The Government wonders- as it has wondered before when the Opposition has spoken on this matter- if the Opposition's principal motivation is to seek the disclosure of the source of campaign funds so as to invade the privacy of individuals who contribute to political parties other than the Australian Labor Party. That is inherent in the Opposition's proposition. It wants to be able to have access to names of donors to individual members of Parliament, let alone to political parties. I remind the Opposition that when it proposed this motion when it was in government the former honourable member for Grayndler, Mr Fred Daly, who was handling electoral matters for the then Government, refused to accept a proposition put by us when in Opposition that a parliamentary committee be set up to examine electoral reform and to examine the Electoral Act itself. The then Leader of the House indicated at that stage on behalf of the Government that our proposal was a phoney stunt. If our proposal was phoney, the Opposition's proposal today is much more phoney. It completely lacks credibility.

I remind the honourable gentleman who proposed this motion that a census was conducted recently on the basis of which there will need to be a redistribution. A decision also is pending by the High Court of Australia on a challenge based upon the way in which quotas are fixed for determining the numbers of electors in electorates. The case before the High Court will determine whether people in the Territories are to be taken into account in determining the quota of electors for fixing the size of electorates. For those 2 reasons alone, it is premature to consider the establishment of any parliamentary committee to examine the Electoral Act. As well as that, the Government has said that a review of the Electoral Act is at present under way by the Australian Electoral Office. Let me remind honourable gentlemen that the Australian Electoral Office is a statutory body, independent of political parties. That body is conducting the inquiry and will advise the Government. So the Government can expect an impartial, objective review of the present provisions of the Electoral Act. When it has received that advice, the Government will consider what amendments need to be made to the Electoral Act. Proposals can always be put forward to fix the order on a ballot paper by ballot or by the alphabet or to change the closing time of polling booths on election day. These were a couple of the matters that were mentioned by the honourable member for Corio but they are incidental. I think that if members of the Opposition had some patience they would find that the review being conducted by the Australian Electoral Office, independent of all political parties, will be a satisfactory objective basis for advice to the Government. With those remarks, I think the debate should come to a conclusion and I move:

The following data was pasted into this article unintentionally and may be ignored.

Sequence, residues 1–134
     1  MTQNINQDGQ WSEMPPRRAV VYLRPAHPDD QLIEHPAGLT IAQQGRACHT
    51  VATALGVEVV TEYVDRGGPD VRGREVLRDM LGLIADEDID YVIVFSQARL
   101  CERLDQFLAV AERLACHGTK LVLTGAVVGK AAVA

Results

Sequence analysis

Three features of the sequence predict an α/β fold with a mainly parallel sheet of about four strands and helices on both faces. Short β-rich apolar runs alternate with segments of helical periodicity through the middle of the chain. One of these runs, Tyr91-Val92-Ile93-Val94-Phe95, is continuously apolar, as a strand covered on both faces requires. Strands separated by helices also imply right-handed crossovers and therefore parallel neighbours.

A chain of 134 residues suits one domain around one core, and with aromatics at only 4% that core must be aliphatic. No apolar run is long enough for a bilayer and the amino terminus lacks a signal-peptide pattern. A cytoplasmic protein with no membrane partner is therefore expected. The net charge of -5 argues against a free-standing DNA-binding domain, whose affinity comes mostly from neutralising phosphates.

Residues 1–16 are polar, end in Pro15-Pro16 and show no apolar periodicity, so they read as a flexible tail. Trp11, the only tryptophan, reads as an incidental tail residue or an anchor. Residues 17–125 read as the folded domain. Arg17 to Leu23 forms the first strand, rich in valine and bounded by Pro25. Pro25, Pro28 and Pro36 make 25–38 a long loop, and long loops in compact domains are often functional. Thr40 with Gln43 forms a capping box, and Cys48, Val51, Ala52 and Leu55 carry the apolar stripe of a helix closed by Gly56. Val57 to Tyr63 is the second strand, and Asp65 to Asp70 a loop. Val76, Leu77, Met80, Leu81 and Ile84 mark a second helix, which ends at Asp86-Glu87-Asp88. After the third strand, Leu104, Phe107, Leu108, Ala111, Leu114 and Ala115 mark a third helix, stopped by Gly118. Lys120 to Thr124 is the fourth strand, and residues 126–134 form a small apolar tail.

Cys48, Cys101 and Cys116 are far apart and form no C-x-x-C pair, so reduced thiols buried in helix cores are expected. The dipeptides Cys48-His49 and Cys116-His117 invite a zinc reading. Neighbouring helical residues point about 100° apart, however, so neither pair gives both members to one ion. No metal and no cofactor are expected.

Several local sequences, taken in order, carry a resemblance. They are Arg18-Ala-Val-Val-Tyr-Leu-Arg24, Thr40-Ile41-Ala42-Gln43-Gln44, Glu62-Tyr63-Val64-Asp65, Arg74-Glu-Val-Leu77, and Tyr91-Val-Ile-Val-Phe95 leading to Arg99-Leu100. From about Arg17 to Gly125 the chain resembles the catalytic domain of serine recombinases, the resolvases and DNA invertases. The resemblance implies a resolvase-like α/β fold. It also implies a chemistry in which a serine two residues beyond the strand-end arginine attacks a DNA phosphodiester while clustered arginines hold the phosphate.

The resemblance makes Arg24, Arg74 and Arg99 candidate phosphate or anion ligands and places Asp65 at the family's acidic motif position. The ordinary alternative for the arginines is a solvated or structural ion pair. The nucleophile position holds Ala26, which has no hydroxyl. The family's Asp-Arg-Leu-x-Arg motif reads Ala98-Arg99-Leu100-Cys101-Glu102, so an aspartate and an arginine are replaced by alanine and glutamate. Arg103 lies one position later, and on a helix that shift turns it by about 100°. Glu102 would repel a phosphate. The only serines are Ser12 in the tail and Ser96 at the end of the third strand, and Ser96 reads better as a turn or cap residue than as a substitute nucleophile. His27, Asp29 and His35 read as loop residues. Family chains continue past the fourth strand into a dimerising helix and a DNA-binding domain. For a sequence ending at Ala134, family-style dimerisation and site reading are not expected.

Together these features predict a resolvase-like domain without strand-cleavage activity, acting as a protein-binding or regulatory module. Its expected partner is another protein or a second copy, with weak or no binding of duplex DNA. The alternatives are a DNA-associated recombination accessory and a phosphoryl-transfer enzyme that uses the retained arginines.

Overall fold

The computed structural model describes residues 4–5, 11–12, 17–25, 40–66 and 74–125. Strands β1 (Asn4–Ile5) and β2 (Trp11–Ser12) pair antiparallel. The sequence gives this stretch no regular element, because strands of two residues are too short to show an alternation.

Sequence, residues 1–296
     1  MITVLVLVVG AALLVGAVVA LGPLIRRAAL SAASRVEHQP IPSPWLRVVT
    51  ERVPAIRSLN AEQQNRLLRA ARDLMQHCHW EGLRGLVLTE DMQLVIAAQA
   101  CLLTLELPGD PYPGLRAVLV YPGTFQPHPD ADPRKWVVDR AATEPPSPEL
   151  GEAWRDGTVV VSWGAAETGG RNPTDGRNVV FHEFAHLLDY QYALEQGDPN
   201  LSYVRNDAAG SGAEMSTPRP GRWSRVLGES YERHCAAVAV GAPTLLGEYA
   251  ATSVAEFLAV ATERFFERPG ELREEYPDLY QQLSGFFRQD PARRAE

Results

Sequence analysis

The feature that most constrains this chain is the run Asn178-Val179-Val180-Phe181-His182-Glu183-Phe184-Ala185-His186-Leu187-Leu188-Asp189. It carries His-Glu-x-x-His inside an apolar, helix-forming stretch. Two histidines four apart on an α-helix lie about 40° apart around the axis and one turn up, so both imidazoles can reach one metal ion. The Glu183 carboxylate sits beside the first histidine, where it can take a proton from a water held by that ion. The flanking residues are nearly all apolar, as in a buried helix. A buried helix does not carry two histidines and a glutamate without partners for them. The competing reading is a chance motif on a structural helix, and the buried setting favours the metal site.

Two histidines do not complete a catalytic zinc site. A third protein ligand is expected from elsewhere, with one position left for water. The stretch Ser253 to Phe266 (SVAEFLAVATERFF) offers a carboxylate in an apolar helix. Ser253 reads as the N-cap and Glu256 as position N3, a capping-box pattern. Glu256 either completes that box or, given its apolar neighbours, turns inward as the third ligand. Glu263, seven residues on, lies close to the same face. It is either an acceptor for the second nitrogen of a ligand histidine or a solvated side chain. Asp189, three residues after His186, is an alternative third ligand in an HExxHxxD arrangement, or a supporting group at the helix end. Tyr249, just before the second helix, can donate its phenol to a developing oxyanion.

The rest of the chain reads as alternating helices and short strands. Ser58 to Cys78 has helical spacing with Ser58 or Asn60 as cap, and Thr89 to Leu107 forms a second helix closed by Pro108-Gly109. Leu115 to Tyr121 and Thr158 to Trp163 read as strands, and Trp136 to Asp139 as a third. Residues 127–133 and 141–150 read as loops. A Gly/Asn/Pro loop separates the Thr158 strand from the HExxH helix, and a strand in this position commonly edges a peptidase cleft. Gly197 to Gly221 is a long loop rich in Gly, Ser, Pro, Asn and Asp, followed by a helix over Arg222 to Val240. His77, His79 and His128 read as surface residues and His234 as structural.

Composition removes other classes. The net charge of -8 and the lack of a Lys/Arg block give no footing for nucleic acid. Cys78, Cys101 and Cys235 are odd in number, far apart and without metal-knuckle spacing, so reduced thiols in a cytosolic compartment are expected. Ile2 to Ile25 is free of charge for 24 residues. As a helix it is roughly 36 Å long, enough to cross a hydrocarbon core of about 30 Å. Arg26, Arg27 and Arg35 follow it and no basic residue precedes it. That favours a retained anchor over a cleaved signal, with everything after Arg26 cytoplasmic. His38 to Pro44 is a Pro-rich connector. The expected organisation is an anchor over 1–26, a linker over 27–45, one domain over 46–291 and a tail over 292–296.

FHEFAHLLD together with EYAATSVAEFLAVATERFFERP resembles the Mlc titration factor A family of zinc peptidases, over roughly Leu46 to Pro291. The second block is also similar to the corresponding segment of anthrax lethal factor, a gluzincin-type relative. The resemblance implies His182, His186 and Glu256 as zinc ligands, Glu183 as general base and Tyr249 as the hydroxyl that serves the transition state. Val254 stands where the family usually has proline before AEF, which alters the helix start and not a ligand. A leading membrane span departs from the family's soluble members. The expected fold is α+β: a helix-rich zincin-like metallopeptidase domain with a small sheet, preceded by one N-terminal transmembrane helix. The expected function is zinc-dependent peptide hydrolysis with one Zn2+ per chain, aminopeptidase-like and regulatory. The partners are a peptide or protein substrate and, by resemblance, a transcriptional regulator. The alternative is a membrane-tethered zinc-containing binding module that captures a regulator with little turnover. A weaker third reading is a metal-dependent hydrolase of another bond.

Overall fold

That the question be now put.

Question resolved in the affirmative.

Original question resolved in the negative.